Mantles of red and golden weather

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Pohutukawa flowers. Image: Su Leslie 2019

For many here in Aotearoa New Zealand — especially those of us living near the coast — the arrival of summer is heralded by the flowering of the Pohututkawa tree (Metrosideros excelsa).

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Pohutukawa flower buds. Image; Su Leslie 2019

A member of the myrtle family, pohutukawa grows easily along the country’s coastline, often spilling precariously over cliffs. Incredibly strong roots anchor its spreading, silver branches that twist and gnarl at impossible angles. It is long-lived, providing generations of beach-goers with shelter and shade where sand meets bush.

pohutukawa flower cluster wet

Image: Su Leslie 2020

And between November and February (but particularly in December and January) you will find pohutukawa trees all over the country covered in a profusion of (generally red) flowers.

Early European settlers “adopted” the pohutukawa as the New Zealand Christmas tree, using wreaths and branches to adorn homes and churches during the Christmas festivities. Today, pohutukawa-themed Christmas cards, gifts and tree ornaments are sold in shops around the country.

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… some of us make our own cards. Image/design: Su Leslie 2018

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Pohutukawa flowers — NZ’s “Christmas tree.” Image: Su Leslie, 2017

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Image: Su Leslie 2014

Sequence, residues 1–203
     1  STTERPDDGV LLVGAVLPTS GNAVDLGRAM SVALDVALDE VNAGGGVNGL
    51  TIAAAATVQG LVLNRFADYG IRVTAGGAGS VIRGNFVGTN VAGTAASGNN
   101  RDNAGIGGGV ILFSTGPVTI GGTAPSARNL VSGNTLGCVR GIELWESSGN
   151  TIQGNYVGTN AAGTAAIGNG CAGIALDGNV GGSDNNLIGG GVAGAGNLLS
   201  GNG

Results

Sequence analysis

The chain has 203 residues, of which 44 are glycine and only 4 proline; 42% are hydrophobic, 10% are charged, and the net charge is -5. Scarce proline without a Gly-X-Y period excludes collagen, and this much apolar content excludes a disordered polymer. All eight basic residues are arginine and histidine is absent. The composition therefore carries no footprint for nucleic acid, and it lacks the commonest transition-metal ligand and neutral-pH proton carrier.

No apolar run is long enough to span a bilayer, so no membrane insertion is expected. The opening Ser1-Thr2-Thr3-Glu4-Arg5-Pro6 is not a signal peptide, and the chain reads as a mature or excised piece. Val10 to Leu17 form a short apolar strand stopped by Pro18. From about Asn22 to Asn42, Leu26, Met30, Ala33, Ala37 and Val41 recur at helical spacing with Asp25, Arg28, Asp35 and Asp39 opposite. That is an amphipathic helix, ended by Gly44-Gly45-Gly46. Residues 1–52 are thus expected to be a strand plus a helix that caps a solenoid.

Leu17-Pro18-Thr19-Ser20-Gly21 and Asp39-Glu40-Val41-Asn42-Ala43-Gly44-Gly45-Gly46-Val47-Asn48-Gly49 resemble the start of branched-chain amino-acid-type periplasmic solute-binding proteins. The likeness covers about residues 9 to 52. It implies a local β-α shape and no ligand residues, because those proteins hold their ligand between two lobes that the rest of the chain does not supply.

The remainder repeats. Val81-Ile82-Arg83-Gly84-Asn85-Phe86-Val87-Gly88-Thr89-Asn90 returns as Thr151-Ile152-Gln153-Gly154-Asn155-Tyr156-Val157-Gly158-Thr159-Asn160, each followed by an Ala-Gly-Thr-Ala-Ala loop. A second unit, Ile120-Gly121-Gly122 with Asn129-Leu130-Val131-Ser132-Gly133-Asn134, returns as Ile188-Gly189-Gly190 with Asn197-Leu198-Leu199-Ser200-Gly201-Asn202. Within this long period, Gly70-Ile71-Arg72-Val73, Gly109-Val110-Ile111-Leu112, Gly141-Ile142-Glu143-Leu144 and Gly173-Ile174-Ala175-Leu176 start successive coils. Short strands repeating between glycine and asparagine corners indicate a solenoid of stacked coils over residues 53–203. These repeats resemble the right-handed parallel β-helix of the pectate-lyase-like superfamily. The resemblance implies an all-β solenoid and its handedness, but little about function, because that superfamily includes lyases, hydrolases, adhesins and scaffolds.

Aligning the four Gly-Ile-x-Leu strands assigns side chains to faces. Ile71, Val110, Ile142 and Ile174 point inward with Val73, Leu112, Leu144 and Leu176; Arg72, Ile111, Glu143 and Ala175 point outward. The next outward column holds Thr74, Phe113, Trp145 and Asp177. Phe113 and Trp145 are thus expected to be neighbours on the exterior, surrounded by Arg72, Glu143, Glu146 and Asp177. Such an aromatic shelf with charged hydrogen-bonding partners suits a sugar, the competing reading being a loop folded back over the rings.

The pohutukawa is a common symbolic element or icon in much of my nation’s culture. One of our foremost playwrights, Bruce Mason, wrote a play called The Pohutukawa Tree, but it is from another of his works — The End of the Golden Weather — that I draw these words

“The red is of a fire dying at dusk. The green faded in drab. Pain and age are in these gnarled forms, in bare roots clutching at the earth, knotting on the cliff face, in tortured branches dark against the washed sky.”

— from The End of the Golden Weather, a play by Bruce Mason.

Each year, on Christmas Day, a scene from The End of the Golden Weather is performed on Takapuna Beach, near my home. Each year, several several hundred Aucklanders turn up to see this — free — performance. That too has become a part of what summer means in this tiny corner of the world.

Lens-Artists Photo Challenge | Summer

Friday Flowers

 

 

Friday flora

Impressionistic double-exposure image. Colour close-up shot of pohutukawa leaves. Image has been slightly overexposed to create a soft effect in pale greens and apricot/bronze shades. Su Leslie 2019

Pohutukawa leaves; double exposure. Image: Su Leslie 2019

Constant rain and high winds in the last couple of weeks have left many flowers looking utterly bedraggled, particularly the magnolia, camellia and rhododendron flowers I so often photograph.

The most colourful find on yesterday’s walk were the pohutukawa trees, with their mix of bright green, red and bronze leaves. Perfect for another double-exposure experiment!  This shot was a bit over-exposed, but I rather like the sof palette of greens and almost apricot shades that resulted.

Not just for Christmas

Pohutukawa (Metrosideros excelsa) is also known as New Zealand Christmas tree, because it generally flowers around December-January, producing masses of (usually red) flowers.

Pohutukawa is evergreen, and grows in coastal areas, often on the most precarious of cliffs. Long overhanging branches provide welcome shade on beaches and wonderful hiding places for childhood games.

It is a tree I photograph again and again — in all seasons.

Sally D’s Mobile Photography Challenge

Close up shot of Pohutukawa-like flower. Image: Su Leslie, 2017

Pohutukawa-like flower: but blossoming in May? Image: Su Leslie, 2017. Edited with Snapseed and Stackables

I saw several of these plants at Westhaven Marina recently and can’t figure out whether they are out-of-season Pohutukawa, or a similar species that flowers (much) later.

Either way, they provided cheerful little bursts of red along the marina’s boardwalk.

A contribution to Sally D’s Mobile Photography Challenge at Lens and Pens by Sally.